MRS is also something of a history buff, who enjoys Youtube videos about art and art history such as “the Art Assignment” and “Art 21.” Before COVID-19, she would frequently visit the MoMA. MRS spends a lot of time travelling to galleries and museums; any time she visits someplace, she checks it off the major museums on her list. Having read a lot about art from attending school, she loves witnessing the art in person herself given the different experiences of reading versus seeing. MRS strongly believes in the importance of graffiti for this reason. A lot of kids—especially those from cities or in boroughs—don’t often get to go to museums and, therefore, graffiti is the first art they may come into contact with.
For the future, MRS intends to rent a space and incorporate pillows, quilts, and textile arts in an exhibition where, instead of staring at the wall, the audience will be immersed in the artwork itself. Observers can sit, lounge, and engage with the surrounding pieces. Prior to COVID-19, she was in the works of completing this project. Setbacks aisde, she has returned to the project with fervor and is excited about the final product.
Like her predecessors, MRS is demolishing the gender stereotypes which bar women from pursuing and attaining prominence in the graffiti scene. She is not afraid to create work incorporating “feminine” aesthetics such as flowers, stars, bright colors, etc. MRS refuses to hide her identity behind a more gender-neutral tag, embracing her femininity as cause for her inspiration. At the same time, she reconstructs the notion of crafts as hobbies, weaving threads of magic onto pillows and blankets. However, she should not be celebrated solely as a female artist, but as a multi-disciplinary graffiti artist, one who actively seeks to experiment on new surfaces.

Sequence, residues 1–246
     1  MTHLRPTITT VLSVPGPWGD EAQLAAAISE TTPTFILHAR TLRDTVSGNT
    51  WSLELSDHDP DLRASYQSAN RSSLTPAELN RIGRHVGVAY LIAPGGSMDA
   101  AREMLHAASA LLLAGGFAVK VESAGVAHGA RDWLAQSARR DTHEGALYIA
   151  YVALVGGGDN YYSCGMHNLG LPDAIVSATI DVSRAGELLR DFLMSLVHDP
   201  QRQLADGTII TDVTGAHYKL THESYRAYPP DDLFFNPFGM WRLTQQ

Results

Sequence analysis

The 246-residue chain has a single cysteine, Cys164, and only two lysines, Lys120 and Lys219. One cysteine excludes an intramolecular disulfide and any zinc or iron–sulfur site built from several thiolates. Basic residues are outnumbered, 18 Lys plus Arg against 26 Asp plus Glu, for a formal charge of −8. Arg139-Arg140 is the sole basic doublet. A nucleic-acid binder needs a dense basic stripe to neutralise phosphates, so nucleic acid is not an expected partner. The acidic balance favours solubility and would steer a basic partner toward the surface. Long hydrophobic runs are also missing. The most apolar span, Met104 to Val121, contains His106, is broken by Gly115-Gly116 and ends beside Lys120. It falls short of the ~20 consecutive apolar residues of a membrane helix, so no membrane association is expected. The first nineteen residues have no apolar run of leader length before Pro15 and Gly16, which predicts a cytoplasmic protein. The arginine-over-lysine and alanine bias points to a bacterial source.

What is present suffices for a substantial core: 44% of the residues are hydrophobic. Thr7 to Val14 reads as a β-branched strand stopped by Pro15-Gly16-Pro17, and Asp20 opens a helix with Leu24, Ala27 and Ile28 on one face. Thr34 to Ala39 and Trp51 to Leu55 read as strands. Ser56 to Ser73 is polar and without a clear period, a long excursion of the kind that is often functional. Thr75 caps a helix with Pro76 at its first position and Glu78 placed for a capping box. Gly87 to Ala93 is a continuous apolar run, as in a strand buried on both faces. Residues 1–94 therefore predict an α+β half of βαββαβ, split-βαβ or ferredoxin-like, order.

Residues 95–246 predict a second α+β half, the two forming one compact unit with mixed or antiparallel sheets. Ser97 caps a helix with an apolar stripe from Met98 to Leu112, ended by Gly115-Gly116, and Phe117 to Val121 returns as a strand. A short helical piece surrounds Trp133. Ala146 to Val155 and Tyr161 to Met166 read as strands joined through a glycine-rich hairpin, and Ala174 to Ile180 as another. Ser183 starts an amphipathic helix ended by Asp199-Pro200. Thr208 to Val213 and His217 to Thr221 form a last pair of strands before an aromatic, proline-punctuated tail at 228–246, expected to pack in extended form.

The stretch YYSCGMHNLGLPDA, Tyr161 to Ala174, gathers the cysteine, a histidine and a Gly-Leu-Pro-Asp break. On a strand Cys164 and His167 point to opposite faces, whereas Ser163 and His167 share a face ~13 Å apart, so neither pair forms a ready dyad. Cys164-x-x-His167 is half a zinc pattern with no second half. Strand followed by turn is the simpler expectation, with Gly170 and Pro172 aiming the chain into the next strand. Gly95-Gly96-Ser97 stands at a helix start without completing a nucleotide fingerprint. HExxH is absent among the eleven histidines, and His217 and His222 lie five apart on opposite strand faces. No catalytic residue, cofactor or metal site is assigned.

MRS refuses to hide her identity behind a more gender-neutral tag, embracing her femininity as cause for her inspiration. At the same time, she reconstructs the notion of crafts as hobbies, weaving threads of magic onto pillows and blankets. However, she should not be celebrated solely as a female artist, but as a multi-disciplinary graffiti artist, one who actively seeks to experiment on new surfaces.
Many of her pieces are touchable, offering her audience the ability to actually engage with her work rather than simply stare from a distance. In this way, she also challenges the stereotype of art as some inaccessible, abstract concept. Art can be found in the very fabric of our lives; all we need to do is reimagine the possibilities of our surroundings. MRS is one of the many contemporary female graffiti artists proving that the form isn’t and shouldn’t only be practiced by men. The unique perspectives and life experiences of women can shape art into a whole new style.
Whitney Graham is a recovering Floridian and New York adoptee, who graduated from NYU with a BA in English and American Literature. She first moved to New York City in 2014 so she could study poetry in the same location many of her favorite writers started. Her favorite elements of NYC are its cultural diversity and creative heartbeat. She does, however, dream of a day when gentrification will cease, transportation will become more efficient and clean, and recycling and composting are normalized. Whitney is twice published thus far and is an intern for Bowery Poetry Club. In addition to being a poet, Whitney is also an essayist who aspires to become a public school teacher and creative writing professor. She spends most of her time teaching English Language Arts to NYC students, cooking vegan food, practicing yoga, exploring neighborhoods, reading, and drawing.